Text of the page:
Silicate is not consumed in the detackification process but other avenues of silicate loss exist. These include loss with water removed from the system in the wet sludge, loss through reaction and precipitation with water hardness cations such as calcium and magnesium and loss with system blowdown or drift out the exhaust. These losses can be predicted and partially controlled.
In the commercial application of this technology, however, an unexpected high rate of silicate loss is experienced. This is caused by pH suppression which, in turn, is caused by CO2 adsorption during aeration of the wash water. The solubility of silicate is strongly dependent on the pH of the solution (see FIG. I). At typical use concentrations, expressed as ppm silica, the solution is buffered by the silica to a pH of about 10.3. As the pH of the solution decreases, the concentration of silicate drops due to a corresponding reduction in the solubility of silica.
FIG. II illustrates the effect of aeration on silicate concentration. Air is bubbled through aqueous solutions of SiO2. The concentration of dissolved silicate rapidly decreases with time and aeration. Both curves A and B appear to reach a limiting silicate concentration of about 150 ppm silicate, as SiO2. Without aeration, curve C, the silicate concentration drops much more slowly. Sample C was merely open to the atmosphere, which still allowed for the adsorption of CO2 but at a much lower rate than samples A & B. At 116 hours, the pH of sample A was adjusted to 10.5 using NaOH. The dissolved silicate concentration began to increase, but did not return to its initial value because the pH does not remain at 10.5 long enough to allow this to occur.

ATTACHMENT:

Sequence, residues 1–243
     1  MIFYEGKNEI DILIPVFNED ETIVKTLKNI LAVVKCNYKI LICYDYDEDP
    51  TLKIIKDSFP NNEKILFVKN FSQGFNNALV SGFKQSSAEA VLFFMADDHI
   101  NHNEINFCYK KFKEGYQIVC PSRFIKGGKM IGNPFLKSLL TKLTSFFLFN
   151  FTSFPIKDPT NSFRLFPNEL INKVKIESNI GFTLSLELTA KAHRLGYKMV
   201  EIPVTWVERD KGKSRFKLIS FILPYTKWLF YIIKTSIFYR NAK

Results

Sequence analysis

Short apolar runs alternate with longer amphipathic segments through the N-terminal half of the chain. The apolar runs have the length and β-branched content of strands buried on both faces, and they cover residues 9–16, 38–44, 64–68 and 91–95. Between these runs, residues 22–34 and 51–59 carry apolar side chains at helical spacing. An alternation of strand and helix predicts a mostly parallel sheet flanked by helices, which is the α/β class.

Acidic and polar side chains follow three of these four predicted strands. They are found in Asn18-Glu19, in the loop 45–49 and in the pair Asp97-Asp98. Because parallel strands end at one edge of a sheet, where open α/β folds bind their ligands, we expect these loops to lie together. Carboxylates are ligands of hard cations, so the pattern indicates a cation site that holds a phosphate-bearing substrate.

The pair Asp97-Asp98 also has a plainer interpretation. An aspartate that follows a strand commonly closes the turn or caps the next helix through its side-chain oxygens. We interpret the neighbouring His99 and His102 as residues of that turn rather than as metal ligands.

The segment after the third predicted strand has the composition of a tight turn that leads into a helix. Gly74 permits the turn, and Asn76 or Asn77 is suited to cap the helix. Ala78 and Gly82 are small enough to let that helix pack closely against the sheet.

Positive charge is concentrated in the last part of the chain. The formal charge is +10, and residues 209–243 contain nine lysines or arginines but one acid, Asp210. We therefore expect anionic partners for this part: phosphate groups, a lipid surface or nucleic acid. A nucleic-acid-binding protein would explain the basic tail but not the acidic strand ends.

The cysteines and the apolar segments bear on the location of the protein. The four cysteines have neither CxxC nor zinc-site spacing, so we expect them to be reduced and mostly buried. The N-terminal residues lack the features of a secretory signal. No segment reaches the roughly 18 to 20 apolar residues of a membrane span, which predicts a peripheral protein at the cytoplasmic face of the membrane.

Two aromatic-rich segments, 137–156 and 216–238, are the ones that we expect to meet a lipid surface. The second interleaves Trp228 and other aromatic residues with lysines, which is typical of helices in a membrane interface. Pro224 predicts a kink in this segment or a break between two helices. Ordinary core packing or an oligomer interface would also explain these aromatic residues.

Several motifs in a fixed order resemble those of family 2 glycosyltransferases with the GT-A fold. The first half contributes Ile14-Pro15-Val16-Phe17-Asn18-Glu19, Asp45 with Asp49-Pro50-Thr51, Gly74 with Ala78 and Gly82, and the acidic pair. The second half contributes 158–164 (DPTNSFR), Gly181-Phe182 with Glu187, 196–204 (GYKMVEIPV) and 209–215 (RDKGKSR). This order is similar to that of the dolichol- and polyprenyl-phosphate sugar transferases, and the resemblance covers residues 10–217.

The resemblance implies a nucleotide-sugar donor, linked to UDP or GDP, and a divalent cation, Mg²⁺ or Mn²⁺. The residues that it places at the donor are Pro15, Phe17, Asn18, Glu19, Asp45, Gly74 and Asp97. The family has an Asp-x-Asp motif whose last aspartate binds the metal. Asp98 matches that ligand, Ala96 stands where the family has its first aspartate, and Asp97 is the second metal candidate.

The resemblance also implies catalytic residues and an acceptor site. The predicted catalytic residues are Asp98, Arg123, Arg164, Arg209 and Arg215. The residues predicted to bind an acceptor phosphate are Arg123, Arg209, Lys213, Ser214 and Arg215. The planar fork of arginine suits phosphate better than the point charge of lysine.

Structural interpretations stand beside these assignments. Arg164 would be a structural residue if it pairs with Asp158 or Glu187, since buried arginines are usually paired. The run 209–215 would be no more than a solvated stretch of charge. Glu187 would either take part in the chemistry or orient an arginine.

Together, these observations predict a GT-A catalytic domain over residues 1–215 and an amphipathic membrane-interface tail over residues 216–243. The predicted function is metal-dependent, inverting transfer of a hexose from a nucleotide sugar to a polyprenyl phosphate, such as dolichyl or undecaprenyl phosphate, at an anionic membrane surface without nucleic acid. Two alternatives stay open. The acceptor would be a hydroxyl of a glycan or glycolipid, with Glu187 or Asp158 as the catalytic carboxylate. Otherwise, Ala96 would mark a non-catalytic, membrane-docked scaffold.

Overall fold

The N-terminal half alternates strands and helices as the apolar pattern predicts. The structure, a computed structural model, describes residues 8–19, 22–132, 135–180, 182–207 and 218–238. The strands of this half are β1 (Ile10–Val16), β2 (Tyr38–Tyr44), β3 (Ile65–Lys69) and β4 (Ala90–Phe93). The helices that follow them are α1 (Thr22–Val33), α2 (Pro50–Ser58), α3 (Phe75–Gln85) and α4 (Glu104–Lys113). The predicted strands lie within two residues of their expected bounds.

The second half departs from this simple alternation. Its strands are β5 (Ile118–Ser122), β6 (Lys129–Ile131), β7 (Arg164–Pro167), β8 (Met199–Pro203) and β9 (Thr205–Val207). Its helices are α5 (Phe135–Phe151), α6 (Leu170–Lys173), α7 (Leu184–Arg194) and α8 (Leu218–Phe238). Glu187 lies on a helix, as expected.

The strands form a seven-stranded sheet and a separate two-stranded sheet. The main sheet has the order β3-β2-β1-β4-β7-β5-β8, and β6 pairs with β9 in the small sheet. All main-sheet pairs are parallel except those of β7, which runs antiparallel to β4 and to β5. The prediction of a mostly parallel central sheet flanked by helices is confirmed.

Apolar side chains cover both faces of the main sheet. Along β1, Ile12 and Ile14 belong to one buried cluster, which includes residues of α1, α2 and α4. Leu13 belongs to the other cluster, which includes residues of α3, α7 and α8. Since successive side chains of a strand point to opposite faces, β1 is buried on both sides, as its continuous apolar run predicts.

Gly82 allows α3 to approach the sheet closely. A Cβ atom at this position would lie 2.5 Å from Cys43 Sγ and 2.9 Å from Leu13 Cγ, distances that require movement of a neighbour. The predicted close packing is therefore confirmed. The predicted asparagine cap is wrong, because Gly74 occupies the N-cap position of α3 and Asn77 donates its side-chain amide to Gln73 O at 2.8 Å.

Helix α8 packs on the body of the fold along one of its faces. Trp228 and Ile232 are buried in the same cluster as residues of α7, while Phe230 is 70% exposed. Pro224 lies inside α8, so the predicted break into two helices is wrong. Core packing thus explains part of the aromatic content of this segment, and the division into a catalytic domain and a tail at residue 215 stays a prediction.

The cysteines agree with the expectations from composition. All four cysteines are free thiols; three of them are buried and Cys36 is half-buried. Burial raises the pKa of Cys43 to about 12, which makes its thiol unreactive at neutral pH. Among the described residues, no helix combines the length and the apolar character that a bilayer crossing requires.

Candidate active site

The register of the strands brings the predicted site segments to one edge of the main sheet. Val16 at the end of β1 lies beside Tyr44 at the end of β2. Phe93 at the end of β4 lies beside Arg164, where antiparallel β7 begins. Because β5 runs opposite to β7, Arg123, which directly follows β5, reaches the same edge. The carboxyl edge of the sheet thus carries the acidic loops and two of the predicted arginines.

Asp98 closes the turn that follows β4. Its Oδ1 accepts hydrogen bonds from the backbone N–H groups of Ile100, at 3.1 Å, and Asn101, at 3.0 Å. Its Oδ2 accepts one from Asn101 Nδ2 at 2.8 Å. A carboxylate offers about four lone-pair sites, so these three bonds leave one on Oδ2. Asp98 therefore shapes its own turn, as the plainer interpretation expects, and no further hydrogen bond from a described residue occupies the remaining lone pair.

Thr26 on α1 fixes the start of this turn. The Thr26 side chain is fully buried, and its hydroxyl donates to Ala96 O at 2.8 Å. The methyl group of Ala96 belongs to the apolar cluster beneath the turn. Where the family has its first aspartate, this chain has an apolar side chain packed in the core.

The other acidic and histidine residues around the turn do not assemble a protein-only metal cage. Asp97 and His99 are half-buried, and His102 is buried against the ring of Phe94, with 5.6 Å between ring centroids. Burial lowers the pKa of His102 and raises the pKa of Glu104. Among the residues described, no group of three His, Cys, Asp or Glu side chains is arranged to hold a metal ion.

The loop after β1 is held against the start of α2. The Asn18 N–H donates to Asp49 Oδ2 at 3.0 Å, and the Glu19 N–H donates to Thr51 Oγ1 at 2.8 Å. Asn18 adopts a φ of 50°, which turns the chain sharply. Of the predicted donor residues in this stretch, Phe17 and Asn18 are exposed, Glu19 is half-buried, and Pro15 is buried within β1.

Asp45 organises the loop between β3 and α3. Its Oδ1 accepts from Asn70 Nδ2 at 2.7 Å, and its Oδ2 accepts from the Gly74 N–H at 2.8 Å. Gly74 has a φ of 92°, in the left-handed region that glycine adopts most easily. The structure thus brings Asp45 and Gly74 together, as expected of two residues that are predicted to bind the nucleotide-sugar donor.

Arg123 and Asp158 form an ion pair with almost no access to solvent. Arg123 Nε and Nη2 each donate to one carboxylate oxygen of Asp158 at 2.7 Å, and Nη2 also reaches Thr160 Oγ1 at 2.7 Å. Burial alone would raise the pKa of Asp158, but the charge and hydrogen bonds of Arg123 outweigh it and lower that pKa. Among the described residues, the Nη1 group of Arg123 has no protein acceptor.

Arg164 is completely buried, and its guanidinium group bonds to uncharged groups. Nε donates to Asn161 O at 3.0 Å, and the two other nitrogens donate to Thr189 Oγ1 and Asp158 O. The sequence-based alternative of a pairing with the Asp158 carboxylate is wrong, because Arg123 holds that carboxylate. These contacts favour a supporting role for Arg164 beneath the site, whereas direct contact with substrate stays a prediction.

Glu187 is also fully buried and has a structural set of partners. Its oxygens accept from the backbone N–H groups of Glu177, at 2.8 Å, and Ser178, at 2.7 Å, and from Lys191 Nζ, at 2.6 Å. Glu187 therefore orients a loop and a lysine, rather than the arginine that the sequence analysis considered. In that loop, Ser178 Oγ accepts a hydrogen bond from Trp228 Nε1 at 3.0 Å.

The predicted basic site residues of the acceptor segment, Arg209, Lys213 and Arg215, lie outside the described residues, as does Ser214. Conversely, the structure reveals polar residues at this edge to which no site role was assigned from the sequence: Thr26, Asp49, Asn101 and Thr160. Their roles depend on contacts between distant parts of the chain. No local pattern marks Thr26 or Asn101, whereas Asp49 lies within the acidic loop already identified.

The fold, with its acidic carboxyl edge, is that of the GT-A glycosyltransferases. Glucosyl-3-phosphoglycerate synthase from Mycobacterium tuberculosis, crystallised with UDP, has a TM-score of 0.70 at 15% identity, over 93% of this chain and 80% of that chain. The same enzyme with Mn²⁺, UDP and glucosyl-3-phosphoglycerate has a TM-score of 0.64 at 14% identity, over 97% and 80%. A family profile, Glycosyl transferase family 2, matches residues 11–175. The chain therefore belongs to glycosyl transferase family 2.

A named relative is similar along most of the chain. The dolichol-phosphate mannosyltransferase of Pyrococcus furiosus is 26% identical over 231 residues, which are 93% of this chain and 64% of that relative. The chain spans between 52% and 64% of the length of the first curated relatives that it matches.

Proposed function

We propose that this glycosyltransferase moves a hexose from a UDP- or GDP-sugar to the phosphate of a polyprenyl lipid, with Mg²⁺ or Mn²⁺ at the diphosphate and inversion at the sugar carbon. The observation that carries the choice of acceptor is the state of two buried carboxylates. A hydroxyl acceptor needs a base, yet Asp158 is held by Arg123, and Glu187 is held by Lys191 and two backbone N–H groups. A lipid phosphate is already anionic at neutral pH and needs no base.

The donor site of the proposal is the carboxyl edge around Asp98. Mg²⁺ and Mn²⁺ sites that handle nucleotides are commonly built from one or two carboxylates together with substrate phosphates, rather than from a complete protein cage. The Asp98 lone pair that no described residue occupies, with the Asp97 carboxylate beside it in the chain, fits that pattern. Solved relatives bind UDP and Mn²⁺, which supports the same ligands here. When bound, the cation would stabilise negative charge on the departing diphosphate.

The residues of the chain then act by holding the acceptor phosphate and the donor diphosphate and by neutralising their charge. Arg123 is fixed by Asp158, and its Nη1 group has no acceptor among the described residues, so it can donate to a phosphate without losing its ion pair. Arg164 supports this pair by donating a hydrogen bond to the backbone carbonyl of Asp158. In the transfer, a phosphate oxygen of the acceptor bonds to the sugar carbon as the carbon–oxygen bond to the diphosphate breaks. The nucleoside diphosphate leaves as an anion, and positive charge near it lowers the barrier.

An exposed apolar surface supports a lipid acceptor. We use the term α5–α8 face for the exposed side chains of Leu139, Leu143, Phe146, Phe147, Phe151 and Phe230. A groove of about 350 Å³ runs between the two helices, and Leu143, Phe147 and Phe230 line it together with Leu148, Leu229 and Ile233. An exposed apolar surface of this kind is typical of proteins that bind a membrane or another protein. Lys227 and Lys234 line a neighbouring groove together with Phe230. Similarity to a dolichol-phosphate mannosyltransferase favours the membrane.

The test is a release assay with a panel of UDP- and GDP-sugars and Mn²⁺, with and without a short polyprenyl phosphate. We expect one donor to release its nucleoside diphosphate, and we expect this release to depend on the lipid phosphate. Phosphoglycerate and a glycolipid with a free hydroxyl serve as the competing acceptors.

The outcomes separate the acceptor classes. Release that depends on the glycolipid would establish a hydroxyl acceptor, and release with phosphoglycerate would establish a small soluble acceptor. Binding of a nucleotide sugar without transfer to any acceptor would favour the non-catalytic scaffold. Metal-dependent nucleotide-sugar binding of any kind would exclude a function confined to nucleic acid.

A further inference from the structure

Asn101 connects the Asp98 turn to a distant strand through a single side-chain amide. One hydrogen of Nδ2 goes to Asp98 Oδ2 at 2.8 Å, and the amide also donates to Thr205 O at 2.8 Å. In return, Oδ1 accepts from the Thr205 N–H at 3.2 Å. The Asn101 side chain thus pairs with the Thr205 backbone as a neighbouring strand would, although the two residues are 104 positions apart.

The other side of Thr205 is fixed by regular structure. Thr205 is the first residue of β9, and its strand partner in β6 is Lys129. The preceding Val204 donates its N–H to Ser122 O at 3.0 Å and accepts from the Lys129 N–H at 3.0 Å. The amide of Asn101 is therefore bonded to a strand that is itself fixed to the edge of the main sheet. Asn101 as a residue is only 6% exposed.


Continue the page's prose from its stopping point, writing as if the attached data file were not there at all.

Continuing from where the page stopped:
FIG. III illustrates further the dependence of pH and dissolved silicate concentration on aeration. Over time, aeration reduces both pH and silicate concentration. At 125 hours, the pH of the solution was increased to its original value by the addition of NaOH. As noted before, the increase in pH yields an increasing silicate concentration. In an additional test, the pH was maintained at 10.5 throughout the aeration period and, as expected, there was no measurable loss of dissolved silicate.